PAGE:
Pewamo-Westphalia was on the verge of being blown out of the Breslin Center.
Muskegon Heights, whose players leave their shooting consciences on the bench, was drilling three-point shots so far beyond the line they should have been worth four points as the Tigers built a seven-point lead in the second quarter.
That is when Nick Spitzley took over.
“I knew I just had to take some shots,” he said, “because we were, like, going scoreless.”
Spitzley, 6-feet-2, began with a three-point bomb and then capped a fast break with a lay-up on which he had to pull the ball into his body before releasing it so it didn’t get blocked.
A few minutes later he scored on a runner across the lane, and by halftime we had a game — a Class C semifinal game Thursday that Pewamo would eventually win, 54-44.
This was not the first time Spitzley played this game. He’d played it thousands of times, just not actually in the Breslin Center. Some were played in his head; some were played on the playground.
“It was outside on the basketball court, on the cement just shooting around thinking about it,” he said. “It’s always a buzzer-beater when you’re a little kid.”
The thing about those games Spitzley played in his head, they were always with these same guys — Lane Simon, Evan Fedewa, Kyle Nurenberg, Adam Wesley.
There are no transfers here, no school of choice guys. These guys have been playing together since the fifth grade, and playing in the state championship was always the goal.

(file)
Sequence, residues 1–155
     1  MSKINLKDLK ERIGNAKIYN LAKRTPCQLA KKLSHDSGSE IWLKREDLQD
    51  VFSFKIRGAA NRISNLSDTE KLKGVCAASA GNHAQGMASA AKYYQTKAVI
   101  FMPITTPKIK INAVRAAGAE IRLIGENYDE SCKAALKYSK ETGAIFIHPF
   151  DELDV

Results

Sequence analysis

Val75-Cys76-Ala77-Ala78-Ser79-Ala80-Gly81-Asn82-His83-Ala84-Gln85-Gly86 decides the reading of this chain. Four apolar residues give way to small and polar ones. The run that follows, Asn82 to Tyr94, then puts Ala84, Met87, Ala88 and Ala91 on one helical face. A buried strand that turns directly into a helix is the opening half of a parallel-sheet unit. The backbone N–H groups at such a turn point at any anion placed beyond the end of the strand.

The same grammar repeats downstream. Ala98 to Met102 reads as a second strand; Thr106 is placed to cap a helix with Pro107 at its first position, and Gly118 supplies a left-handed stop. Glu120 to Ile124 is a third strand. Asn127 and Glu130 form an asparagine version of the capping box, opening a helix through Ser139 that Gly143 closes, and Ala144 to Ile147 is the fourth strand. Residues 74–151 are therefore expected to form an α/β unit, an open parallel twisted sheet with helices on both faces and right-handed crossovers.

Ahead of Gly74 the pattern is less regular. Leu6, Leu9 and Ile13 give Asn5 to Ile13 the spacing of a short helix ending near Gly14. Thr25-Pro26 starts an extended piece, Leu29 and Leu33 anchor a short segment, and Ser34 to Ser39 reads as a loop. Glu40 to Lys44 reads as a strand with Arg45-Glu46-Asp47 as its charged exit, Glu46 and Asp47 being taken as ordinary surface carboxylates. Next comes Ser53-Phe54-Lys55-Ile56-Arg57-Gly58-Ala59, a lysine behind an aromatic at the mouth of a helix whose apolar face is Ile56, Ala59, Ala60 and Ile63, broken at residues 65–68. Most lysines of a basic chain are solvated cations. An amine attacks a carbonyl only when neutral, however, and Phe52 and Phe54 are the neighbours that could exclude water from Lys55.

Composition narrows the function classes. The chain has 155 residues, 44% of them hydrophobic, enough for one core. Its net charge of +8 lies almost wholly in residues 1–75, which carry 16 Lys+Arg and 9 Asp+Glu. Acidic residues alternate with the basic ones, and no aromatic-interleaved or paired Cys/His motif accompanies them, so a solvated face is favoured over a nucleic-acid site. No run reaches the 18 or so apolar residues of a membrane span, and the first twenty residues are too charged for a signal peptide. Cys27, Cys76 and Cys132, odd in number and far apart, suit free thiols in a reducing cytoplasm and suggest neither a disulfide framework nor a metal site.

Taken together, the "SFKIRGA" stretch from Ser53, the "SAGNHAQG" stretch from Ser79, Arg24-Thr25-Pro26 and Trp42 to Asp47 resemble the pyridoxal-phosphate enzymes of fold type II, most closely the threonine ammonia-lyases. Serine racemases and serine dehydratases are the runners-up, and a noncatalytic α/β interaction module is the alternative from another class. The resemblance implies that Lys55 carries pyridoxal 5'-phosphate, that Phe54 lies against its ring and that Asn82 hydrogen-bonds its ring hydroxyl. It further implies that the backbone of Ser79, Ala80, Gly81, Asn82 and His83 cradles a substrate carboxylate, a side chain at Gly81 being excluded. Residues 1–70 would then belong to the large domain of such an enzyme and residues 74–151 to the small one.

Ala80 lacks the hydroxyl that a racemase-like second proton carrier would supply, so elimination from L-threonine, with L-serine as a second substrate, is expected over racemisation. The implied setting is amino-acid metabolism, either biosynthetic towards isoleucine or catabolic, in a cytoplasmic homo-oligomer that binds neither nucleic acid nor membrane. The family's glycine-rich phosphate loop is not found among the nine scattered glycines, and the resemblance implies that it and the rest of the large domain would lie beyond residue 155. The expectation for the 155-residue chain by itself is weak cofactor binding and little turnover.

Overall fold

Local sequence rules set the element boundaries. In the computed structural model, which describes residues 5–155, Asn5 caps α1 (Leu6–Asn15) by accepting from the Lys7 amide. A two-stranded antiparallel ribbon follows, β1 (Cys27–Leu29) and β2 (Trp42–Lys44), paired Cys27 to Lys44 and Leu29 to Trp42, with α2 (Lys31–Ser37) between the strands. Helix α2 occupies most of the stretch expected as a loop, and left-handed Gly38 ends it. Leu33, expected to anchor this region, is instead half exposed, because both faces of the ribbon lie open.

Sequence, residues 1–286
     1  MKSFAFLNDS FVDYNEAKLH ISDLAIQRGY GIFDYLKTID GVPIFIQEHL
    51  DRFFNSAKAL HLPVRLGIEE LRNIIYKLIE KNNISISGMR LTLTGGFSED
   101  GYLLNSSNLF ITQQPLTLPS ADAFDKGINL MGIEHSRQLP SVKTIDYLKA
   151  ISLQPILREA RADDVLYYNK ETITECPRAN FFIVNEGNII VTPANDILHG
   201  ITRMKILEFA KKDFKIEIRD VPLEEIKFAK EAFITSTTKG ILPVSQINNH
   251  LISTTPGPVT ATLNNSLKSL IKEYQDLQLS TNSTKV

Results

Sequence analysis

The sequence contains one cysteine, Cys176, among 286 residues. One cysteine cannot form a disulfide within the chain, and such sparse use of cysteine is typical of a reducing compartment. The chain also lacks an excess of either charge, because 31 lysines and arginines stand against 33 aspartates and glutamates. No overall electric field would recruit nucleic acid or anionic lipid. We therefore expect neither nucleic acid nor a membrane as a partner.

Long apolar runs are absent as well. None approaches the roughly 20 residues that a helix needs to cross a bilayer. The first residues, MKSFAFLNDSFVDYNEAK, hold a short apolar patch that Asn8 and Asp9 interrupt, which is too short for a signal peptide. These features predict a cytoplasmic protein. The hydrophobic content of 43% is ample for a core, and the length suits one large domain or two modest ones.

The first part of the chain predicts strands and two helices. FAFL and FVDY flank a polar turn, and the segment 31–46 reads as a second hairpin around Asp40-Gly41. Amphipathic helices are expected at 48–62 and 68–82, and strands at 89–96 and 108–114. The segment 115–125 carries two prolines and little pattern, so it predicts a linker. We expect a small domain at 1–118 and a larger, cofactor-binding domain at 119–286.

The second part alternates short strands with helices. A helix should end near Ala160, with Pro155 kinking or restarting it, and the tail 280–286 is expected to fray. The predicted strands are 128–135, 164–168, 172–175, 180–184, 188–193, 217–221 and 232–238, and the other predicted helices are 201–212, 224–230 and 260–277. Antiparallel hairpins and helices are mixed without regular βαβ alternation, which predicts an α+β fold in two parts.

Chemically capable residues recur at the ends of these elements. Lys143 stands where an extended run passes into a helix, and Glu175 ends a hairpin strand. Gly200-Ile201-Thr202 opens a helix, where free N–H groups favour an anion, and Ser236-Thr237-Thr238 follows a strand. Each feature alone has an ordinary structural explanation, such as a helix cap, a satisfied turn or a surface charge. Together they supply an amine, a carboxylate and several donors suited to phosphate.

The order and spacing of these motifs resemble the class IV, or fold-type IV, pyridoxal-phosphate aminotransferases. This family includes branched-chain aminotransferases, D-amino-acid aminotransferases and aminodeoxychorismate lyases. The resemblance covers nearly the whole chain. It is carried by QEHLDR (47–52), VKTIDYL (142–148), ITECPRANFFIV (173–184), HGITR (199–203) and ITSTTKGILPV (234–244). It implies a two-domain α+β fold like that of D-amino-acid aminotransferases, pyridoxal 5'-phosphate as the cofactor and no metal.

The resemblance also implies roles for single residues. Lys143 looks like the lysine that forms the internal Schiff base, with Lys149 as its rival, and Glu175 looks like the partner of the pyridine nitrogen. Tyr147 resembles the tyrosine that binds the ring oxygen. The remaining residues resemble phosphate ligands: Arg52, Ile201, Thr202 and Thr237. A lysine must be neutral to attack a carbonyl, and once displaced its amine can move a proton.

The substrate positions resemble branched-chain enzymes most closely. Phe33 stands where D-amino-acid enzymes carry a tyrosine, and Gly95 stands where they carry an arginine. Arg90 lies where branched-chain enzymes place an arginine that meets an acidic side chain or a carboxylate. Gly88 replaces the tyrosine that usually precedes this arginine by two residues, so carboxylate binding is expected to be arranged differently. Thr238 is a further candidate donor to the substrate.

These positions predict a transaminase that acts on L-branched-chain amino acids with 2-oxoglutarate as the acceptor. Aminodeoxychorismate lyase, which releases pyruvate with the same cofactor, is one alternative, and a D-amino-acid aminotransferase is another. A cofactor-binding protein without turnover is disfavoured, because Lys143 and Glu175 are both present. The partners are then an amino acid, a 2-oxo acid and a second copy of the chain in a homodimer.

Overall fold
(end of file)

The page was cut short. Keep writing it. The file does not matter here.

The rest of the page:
“We all grew up on this team,” Spitzley said. “Fifth through eighth grade we were undefeated, so I knew there was something special because not many teams do that.”
Even fewer get to the Breslin Center, which is why Thursday may have been a good day to go shopping in Pewamo or Westphalia — if you could have found a store that was open.
“I don’t think anything is open,” Spitzley said. “I know a lot of people took off work, some workplaces shut down even. That’s how big it is.”
The entire student body seemed to be at the Breslin Center. Some of them even rode in buses from Fowler.
“We took their buses,” Spitzley said. “We didn’t have enough.”
The Pirates (23-2) put the game away midway through the third quarter when they scored 12 straight points. The cruncher came when Spitzley made two free throws following an intentional foul. He then in-bounded the ball by throwing a lob to Simon, who tipped it right back to Spitzley, who laid it in the basket.
Pewamo coach Luke Pohl added that play Wednesday afternoon, and if you saw the way Spitzley and Simon smiled at each other as they ran down court, you thought you watching the movie “Hoosiers.”
This has been a tremendous tournament run for Spitzley, who is trying to prove he can play college basketball, maybe even at the Division I level. The other night Spitzley finally received his first offer, from Division II Northwood.
“I kind of got a chip on my shoulder,” he said.
You may want to stay out of Pewamo and Westphalia late Saturday afternoon because the Pirates will be playing Detroit Consortium at 4:30 p.m. for the Class C state championship.
Consortium is led by sophomore Josh Jackson, and Spitzley is well aware of him.
“Yeah, the No. 1 player in the country, probably,” Spitzley said. “It will be fun going against him.”
Then Spitzley was asked if Jackson has heard of him. “Probably not,” he said, laughing and shaking his head.
More people, specifically college coaches, should hear about Nick Spitzley.